• A majority of respondents (89%) said that C-suite leadership and corporate board were lacking in their understanding of intercompany

  • Over one-third (38%) said that top leadership lacks basic awareness of how intercompany ties to corporate performance drivers

  • Only a small number (11%) characterized their company’s C-suite and corporate board as having enough of an understanding of intercompany to stimulate effective discussions about operating models


Looking Forward to a More Profitable Intercompany

Intercompany accounting has tentacles that reach throughout a multinational organization. It includes all regions and legal entities, and touches a wide variety of functions, including indirect tax, transfer pricing, finance, FP&A, controllership, treasury, shared services, and information technology.

It’s critical that intercompany leaders examine the impacts that status-quo operations have on personnel, tax, profitability, and growth and explore opportunities presented by adopting IFM practices. This includes the adoption of technological solutions designed to centralize and automate processes and provide all functions with subledger like visibility, enabling them to manage intercompany life cycle from Creation to Balance and Resolve to Net and Settle.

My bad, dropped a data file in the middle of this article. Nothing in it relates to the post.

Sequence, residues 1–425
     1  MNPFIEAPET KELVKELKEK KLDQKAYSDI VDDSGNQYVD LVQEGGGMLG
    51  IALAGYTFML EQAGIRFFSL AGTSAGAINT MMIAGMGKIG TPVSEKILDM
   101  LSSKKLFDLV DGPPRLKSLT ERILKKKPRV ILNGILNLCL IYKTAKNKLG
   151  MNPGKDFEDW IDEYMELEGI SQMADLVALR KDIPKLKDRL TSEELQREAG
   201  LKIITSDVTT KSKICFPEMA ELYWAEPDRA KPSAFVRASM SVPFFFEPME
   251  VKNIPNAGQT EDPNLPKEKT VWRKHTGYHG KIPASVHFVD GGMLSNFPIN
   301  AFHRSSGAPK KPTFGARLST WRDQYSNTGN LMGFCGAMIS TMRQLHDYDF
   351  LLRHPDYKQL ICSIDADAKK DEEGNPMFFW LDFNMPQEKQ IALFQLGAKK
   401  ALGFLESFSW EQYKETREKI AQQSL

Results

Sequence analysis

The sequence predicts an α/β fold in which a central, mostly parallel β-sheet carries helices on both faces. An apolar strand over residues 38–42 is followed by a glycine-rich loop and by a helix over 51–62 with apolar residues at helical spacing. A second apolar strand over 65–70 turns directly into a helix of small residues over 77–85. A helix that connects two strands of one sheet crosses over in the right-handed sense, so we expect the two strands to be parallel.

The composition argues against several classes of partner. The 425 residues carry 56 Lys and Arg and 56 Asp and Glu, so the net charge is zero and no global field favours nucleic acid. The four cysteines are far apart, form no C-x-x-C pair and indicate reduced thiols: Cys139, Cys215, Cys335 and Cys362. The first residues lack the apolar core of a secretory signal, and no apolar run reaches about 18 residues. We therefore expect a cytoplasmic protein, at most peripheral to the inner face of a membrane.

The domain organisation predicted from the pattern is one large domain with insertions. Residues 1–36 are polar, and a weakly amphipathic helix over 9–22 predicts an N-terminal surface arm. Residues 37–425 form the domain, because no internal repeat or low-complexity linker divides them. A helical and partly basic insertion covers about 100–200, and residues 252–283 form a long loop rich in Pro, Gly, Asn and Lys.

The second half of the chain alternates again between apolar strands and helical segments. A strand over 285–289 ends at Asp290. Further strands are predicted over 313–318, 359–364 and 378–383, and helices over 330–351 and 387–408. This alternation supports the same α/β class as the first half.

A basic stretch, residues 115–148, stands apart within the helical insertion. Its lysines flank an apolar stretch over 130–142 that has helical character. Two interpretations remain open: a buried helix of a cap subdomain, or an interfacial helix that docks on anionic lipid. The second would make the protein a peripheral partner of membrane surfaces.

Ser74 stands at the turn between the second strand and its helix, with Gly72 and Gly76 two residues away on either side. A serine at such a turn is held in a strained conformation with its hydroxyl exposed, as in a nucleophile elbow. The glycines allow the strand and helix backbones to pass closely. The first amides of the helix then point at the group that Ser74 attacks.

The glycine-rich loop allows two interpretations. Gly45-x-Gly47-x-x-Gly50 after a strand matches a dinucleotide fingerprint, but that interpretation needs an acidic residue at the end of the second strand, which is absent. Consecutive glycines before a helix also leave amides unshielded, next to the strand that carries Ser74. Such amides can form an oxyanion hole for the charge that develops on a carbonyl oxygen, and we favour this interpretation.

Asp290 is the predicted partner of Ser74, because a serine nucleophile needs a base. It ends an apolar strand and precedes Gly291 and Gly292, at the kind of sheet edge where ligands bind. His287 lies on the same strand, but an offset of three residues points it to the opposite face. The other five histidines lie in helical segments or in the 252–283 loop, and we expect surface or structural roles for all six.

While making such holistic changes to intercompany operations requires some time and attention, business leaders who embrace these opportunities have a much greater ability to positively impact business outcomes over those who continue to rely on status-quo strategies.

Get your copy of the report The State of Intercompany to learn:

  • The types of challenges organizations are facing with intercompany

  • How intercompany issues are impacting organizations

  • The role of technology in solving critical intercompany problems

About the Author


Michael Polaha